EPFL student applies engineering to public health

Noé Fellay, at the now-defunct Sébeillon train station in western Lausanne. EPFL/Alain Herzog CC-BY-SA 4.0

Noé Fellay, at the now-defunct Sébeillon train station in western Lausanne. EPFL/Alain Herzog CC-BY-SA 4.0

For his Master’s project, Noé Fellay mapped the presence of an autoantibody known to increase the risk of cardiovascular disease. This cross-disciplinary study, carried out in the Lausanne area, was an opportunity for Fellay to broaden his skillset.

Noé Fellay has always been someone who wants to know how things work – and how to fix them. As a child he tinkered with objects at home, such as a broken water sprinkler, and developed a curiosity about how nature works. Today he regularly returns to his home canton of Valais and its wild scenery. Given these interests, it’s no surprise that Fellay chose to study environmental engineering at EPFL, although he briefly considered a career in medicine. When it came time to pick a topic for his Master’s project, Fellay set his sights high – he decided to apply spatial analysis techniques to the field of public health, with the goal of evaluating the presence in a given population of an autoantibody known to be associated with cardiovascular disease. He used Lausanne as his case study. Fellay’s cross-disciplinary project was carried out in the GEOME research group at EPFL’s Laboratory for Biological Geochemistry (LGB) and was supervised jointly by Stéphane Joost, a senior scientist at LGB, and Prof. Nicolas Vuilleumier at the Geneva University Hospitals (HUG). “It was the perfect project for me since I’ve always enjoyed geographical modeling and am still interested in medical research,” says Fellay.

Autoantibodies and cadmium

To conduct his study, Fellay started by obtaining medical data from cohort studies and using them to map regions of Lausanne with the highest blood concentrations of the AAA1 autoantibody, which is a harmful autoantibody against apolipoprotein A-1 – the protein that carries HDL cholesterol (also known as “good cholesterol”) in the bloodstream. High AAA1 levels can cause inflammation and lead to atherosclerosis, making it a risk factor for cardiovascular disease. Blood concentrations of AAA1 are affected by genetic factors, but they can also be influenced by environmental ones. For instance, scientists now know that exposure to heavy metals such as cadmium, lead and arsenic, even at very low levels, could be a cause of cardiovascular disease.

For his study, Fellay used spatial analysis to evaluate the correlation between heavy metals and cardiovascular disease in Lausanne. He looked specifically at cadmium, which is released from the friction caused by train brakes, train wheels running along the tracks and overhead lines rubbing against electrical wires.

Clusters near train stations

Fellay used data from the CoLaus-PsyColaus cohort study conducted among Lausanne residents between 2003 and 2006. He found clusters of individuals with high AAA1 blood concentrations, such as in the western part of the city. Fellay then examined the cadmium exposure of Lausanne residents as determined by the presence of cadmium in their urine (which reflects long-term exposure). He produced a map showing three areas of the city where high AAA1 blood concentrations were significantly associated with elevated cadmium levels. These three areas corresponded perfectly to the locations of three train stations: Sébeillon (now defunct but still in operation when the data were collected), the main Lausanne train station, and the Chandieu marshaling yard. This made sense since studies have shown that soil concentrations of cadmium tend to be higher along train tracks.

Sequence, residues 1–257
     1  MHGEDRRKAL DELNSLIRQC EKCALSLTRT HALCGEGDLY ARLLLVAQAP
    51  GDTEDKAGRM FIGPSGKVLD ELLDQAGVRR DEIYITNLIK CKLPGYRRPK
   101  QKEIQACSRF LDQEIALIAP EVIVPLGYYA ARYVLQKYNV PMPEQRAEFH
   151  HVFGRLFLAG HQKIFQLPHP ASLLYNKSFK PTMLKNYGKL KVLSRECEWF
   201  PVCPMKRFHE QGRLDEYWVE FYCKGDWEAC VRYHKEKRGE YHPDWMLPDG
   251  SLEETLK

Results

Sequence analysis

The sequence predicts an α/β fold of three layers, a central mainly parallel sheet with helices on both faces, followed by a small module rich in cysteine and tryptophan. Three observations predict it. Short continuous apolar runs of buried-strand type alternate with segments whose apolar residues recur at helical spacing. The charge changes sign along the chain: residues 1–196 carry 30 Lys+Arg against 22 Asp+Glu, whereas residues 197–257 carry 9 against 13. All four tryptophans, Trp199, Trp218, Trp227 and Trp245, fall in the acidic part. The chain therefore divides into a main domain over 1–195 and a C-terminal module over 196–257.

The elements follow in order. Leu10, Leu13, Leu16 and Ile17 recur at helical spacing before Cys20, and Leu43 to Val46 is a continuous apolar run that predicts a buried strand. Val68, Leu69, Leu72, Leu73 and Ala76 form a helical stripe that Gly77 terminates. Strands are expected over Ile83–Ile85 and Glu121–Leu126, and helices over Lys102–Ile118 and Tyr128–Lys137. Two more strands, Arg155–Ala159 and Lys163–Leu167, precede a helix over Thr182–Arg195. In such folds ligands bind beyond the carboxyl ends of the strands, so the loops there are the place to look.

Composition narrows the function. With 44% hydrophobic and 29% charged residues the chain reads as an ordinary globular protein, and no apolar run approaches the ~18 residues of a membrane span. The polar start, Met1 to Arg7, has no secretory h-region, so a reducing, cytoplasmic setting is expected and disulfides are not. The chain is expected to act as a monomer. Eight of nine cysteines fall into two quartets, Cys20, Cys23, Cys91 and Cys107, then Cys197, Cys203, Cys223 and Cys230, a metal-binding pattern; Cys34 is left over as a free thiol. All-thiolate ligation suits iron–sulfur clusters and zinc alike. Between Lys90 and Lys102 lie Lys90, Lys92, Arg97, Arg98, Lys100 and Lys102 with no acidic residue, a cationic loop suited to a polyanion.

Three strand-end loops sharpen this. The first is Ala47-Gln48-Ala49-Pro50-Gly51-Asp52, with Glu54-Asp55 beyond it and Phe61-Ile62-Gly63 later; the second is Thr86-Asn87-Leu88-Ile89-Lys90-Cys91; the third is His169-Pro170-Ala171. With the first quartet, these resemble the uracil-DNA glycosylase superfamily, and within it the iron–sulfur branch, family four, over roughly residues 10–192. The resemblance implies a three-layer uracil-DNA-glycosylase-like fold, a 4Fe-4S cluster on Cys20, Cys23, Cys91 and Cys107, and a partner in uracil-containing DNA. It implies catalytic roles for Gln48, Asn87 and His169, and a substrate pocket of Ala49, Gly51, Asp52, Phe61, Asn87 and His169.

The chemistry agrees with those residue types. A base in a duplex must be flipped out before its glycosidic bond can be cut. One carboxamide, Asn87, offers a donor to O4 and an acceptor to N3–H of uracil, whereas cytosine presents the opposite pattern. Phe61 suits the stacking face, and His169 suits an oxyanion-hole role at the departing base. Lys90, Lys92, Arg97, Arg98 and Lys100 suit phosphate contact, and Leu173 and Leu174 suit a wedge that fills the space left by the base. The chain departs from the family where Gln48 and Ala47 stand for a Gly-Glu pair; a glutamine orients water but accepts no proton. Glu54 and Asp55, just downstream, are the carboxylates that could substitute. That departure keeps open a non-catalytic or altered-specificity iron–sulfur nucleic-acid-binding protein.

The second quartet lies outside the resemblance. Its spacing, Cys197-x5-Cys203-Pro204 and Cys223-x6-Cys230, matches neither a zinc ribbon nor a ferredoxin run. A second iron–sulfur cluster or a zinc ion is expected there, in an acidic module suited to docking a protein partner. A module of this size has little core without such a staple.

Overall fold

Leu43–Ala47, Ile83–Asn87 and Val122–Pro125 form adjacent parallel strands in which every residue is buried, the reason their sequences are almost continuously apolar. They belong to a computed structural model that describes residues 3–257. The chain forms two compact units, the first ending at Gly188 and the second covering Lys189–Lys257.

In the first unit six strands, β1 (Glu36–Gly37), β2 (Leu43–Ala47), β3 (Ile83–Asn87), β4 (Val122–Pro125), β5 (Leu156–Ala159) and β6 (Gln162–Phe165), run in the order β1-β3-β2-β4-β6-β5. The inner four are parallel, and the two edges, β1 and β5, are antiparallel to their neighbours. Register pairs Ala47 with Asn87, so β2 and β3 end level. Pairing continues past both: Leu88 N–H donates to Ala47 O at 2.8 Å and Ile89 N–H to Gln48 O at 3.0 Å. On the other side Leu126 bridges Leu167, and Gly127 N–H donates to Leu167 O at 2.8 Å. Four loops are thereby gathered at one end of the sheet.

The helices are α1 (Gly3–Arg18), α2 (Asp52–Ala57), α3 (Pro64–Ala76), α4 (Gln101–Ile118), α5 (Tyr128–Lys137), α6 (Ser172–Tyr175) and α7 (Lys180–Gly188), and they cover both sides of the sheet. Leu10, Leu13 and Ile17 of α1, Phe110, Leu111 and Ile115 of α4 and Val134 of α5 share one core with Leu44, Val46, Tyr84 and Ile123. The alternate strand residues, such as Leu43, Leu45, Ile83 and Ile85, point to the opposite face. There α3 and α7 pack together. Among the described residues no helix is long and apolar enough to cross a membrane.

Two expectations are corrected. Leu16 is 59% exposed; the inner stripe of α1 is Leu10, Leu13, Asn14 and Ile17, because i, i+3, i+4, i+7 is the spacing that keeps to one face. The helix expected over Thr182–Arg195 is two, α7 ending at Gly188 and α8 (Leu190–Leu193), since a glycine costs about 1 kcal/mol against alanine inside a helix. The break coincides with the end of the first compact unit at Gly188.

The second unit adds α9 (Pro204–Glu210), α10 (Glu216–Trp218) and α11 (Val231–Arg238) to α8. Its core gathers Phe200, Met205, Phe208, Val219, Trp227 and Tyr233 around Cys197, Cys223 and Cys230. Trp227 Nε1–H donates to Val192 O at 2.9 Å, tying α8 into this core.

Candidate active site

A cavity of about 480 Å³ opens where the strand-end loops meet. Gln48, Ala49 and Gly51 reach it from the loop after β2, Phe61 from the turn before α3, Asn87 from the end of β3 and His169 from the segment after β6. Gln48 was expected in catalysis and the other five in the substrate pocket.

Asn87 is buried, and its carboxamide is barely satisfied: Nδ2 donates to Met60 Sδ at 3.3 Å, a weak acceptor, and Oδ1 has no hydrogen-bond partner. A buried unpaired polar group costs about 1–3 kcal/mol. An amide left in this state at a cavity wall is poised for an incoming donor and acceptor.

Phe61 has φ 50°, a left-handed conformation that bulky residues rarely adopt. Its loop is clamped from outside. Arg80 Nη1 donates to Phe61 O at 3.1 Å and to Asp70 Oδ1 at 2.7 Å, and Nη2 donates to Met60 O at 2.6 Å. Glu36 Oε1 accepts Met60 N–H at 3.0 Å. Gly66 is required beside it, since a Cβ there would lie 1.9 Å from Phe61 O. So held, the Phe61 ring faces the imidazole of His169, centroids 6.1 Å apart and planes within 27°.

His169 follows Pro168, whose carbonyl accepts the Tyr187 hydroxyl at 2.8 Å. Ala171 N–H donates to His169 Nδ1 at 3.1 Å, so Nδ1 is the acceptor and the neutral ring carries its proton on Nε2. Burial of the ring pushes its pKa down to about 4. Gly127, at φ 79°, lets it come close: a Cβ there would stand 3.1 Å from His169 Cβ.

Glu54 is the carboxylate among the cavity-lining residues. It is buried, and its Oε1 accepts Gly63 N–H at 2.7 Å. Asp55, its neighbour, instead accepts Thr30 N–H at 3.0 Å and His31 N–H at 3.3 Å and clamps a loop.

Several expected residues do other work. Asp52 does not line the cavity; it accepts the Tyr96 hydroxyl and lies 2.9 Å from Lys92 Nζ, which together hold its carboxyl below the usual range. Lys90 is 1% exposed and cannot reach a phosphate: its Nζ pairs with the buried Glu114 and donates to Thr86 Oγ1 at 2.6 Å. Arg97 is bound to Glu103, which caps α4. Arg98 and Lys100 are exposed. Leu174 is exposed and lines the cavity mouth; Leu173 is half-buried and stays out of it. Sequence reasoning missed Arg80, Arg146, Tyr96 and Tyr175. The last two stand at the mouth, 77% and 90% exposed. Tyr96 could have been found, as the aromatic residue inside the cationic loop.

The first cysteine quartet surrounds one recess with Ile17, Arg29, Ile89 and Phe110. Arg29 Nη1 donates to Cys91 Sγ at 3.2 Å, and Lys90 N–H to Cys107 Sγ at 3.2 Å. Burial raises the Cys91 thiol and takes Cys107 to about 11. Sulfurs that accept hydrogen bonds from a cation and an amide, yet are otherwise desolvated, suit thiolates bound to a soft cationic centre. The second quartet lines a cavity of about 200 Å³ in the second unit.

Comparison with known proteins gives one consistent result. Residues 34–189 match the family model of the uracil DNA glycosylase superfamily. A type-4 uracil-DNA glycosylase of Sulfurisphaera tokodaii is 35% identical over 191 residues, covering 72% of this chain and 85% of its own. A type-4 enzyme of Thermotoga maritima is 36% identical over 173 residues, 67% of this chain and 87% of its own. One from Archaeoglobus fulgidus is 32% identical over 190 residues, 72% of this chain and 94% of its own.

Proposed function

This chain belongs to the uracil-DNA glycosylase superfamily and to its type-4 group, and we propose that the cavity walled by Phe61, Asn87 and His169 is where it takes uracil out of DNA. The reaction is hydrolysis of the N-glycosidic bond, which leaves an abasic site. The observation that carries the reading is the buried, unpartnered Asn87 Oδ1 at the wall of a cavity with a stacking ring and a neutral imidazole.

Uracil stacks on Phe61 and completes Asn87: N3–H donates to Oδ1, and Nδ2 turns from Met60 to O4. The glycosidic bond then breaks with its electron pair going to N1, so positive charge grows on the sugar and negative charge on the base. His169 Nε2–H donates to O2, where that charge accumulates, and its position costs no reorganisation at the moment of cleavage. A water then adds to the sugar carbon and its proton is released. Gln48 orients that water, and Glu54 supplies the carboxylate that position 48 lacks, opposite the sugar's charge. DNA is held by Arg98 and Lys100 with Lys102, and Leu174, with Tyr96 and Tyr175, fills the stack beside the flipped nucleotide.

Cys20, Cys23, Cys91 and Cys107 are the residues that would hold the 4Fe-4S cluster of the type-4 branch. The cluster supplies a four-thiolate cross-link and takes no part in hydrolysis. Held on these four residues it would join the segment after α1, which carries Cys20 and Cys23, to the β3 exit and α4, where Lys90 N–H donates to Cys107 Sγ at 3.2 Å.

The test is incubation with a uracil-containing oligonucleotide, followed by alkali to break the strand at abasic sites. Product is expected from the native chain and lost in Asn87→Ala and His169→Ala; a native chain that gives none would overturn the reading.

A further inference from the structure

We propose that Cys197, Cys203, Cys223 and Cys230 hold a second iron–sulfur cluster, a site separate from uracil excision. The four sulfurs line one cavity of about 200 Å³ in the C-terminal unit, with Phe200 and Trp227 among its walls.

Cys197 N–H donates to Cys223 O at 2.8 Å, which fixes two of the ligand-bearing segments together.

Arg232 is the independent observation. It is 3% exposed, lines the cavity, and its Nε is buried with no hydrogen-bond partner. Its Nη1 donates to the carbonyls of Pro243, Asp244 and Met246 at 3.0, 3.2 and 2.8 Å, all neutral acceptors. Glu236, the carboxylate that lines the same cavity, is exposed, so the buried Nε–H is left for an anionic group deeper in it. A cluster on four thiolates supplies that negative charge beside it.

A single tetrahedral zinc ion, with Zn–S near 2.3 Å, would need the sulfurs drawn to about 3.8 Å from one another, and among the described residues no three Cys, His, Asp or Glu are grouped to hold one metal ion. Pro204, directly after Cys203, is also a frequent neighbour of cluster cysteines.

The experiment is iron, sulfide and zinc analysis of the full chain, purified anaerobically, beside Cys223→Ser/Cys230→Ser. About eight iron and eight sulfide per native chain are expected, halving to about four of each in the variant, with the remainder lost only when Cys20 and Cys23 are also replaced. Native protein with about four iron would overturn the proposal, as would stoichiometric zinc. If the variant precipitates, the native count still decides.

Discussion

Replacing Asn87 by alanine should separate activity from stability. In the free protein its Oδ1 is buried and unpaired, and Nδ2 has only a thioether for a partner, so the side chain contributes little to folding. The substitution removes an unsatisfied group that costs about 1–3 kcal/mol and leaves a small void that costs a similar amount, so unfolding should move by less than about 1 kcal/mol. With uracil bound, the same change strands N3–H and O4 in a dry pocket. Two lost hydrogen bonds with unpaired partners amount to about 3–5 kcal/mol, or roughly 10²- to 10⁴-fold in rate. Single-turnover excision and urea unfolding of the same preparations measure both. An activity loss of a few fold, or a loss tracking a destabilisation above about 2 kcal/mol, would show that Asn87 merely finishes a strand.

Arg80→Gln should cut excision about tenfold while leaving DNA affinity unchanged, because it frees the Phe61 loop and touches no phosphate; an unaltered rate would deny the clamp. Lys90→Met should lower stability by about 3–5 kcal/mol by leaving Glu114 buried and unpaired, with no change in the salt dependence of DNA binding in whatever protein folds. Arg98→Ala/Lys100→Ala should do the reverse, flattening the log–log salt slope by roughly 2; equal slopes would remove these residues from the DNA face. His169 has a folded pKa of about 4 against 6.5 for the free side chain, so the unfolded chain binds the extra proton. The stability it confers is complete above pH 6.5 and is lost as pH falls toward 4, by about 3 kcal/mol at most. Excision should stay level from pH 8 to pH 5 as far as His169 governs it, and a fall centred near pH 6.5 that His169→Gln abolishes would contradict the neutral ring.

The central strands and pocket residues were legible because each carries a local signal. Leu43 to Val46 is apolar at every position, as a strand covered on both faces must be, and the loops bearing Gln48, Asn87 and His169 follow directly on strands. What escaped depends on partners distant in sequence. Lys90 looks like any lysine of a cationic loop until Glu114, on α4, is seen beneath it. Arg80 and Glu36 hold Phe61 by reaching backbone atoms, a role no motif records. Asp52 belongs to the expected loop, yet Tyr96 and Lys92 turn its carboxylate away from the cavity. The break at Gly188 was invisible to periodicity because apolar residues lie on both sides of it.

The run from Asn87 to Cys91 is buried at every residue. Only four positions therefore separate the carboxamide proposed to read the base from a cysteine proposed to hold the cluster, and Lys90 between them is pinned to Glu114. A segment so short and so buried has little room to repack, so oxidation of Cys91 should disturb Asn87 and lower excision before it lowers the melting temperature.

The dark green areas indicate places where high AAA1 blood concentrations (in participants in the CoLaus-PsyColaus cohort study) have a significant positive association with high levels of cadmium in the urine. These areas are located near two marshaling yards (Sébeillon and Chandieu) and the main Lausanne train station. The red areas show places with a higher-than-average incidence of cardiovascular disease. Further analyses will be conducted to gain greater insight into these findings. © EPFL/GEOME/HUG, 2024

Incorporating other factors

In light of Fellay’s findings, EPFL decided to hire him on a contract running until December so that he can complete his research. Fellay is now in the process of examining data he wasn’t able to analyze earlier. The next step will be to incorporate other factors that may be at play, such as air pollution and socioeconomic status. Fellay also plans to disseminate his findings this fall through an article to be published jointly by EPFL and HUG. The hope is that the information will help government officials design more effective measures for protecting public health. For Fellay, the article will be the culmination of a project that combines his engineering studies and his initial interest in medicine.


Noé Fellay, “Geographic clusters of autoantibodies against apolipoprotein A-1 and their association with heavy metals and cardiovascular diseases in the general population,” Master’s project supervised jointly by Stéphane Joost at EPFL and Nicolas Vuilleumier at the Geneva University Hospitals (HUG), 2024.

Author: Sandrine Perroud

Source: People